And it is not just stock that isn’t getting delivered. Euromoney, the most respected financial publication in Europe, has revealed that there are massive failures to deliver even of U.S. Treasuries. “Failures in U.S. Treasuries were 8.6% of all treasuries outstanding in the first five months of this year, compared with 1.2% in the first five months of 2007,” Euromoney reported last week. “That has ballooned further over the past three months, hitting more than $2 trillion for almost the entire month of October – more than 20% of the daily treasuries trading volume.”

More than $2 trillion worth of phantom Treasuries – that cannot be good for the economy.

Bloomberg Newswires, meanwhile, recently reported that investors are complaining that Goldman Sachs is routinely failing to deliver corporate loans that it sells. According to the complainants, Goldman’s traders are selling debt that they do not own in order to further the destruction, and profit from the short selling, of public companies that are its own clients.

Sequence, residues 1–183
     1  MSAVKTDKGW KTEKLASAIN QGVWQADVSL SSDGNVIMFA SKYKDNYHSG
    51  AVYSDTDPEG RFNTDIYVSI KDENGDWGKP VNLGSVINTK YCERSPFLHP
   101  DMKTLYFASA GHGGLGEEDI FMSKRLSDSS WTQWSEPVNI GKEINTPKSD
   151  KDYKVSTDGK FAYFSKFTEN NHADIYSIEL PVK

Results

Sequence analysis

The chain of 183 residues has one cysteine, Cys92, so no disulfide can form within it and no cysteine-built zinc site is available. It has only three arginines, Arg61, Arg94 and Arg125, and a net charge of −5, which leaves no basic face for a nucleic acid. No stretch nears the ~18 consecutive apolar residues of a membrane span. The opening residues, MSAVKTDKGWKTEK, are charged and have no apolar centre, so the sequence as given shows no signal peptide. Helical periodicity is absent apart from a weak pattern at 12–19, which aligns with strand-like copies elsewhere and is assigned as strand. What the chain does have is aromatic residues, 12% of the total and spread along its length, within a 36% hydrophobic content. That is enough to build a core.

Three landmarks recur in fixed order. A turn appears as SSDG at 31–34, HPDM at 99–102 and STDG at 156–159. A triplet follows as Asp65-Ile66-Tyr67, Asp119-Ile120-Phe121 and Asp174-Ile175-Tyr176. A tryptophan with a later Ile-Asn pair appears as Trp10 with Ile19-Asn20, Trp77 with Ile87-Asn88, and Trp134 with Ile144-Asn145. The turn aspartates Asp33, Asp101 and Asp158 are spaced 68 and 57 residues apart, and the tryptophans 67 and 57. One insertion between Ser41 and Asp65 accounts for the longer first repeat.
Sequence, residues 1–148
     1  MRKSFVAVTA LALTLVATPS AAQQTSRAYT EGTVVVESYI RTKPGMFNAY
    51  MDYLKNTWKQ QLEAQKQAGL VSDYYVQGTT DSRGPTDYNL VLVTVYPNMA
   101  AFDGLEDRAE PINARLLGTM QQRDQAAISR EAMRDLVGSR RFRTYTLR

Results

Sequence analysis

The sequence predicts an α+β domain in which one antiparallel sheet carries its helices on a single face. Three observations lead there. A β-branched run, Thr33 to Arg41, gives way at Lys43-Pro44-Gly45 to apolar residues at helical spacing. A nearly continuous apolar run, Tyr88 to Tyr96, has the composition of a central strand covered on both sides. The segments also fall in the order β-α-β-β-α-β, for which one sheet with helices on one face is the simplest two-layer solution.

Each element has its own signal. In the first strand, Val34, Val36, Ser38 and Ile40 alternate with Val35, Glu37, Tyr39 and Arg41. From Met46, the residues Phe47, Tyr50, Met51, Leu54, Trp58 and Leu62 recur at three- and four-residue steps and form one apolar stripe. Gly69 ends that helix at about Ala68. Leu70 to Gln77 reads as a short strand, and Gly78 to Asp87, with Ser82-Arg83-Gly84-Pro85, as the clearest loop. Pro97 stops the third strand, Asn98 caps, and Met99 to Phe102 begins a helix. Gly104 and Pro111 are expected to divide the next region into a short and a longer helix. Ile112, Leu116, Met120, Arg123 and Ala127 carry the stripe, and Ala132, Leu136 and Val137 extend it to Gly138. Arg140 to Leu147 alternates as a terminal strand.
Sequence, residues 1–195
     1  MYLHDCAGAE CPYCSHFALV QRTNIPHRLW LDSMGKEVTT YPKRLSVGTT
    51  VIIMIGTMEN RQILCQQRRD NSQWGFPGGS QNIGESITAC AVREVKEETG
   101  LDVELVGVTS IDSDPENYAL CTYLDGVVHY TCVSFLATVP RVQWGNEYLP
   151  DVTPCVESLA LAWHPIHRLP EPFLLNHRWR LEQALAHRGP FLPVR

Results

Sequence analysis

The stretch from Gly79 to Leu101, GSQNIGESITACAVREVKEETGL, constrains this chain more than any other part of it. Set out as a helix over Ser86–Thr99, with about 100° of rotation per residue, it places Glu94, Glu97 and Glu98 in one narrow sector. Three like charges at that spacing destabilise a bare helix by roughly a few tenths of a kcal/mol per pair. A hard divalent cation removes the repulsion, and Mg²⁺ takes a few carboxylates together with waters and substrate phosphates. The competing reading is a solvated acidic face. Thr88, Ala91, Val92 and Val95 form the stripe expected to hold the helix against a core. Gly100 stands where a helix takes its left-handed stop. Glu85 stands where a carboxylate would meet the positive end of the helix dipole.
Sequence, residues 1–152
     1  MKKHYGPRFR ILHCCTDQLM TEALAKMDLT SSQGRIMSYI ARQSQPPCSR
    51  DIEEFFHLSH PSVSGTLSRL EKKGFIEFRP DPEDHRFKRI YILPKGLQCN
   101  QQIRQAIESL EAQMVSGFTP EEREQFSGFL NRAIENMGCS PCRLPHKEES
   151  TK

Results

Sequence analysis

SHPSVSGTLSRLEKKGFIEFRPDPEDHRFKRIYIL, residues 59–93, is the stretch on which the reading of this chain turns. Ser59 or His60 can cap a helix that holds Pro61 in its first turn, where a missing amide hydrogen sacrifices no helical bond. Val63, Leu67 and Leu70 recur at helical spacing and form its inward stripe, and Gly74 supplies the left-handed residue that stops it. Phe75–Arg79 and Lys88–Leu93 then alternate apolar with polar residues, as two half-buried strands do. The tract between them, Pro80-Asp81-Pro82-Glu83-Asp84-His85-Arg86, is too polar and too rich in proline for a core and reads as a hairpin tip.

This is not surprising. Goldman is the proud owner of what used to be called Spear, Leeds & Kellogg – a brokerage that was long known as the most egregious perpetrator of naked short selling. Goldman has, of course, joined the DTCC and few miscreant hedge funds in trying to cover up the problem.

A similar outrage is occurring in the market for credit default swaps (bets that borrowers will default on their debt). Hedge funds and brokers are selling (quite often to themselves) virtually unlimited numbers of these swaps, even when they do not correspond to any real underlying debt. These are phantom swaps – and the increased volume creates the perception that target companies are on the verge of collapse, which of course, benefits the hedge funds, which are simultaneously short selling the phantom stock..

The DTCC has the authority to crack down on delivery failures. It has the power to tell us who, exactly, is committing the crimes.

Unfortunately, the government has no power over the DTCC. Officials from the Securities and Exchange Commission, which has limited oversight, admit that they have no clue how the DTCC operates and that they visit the organization only once a year.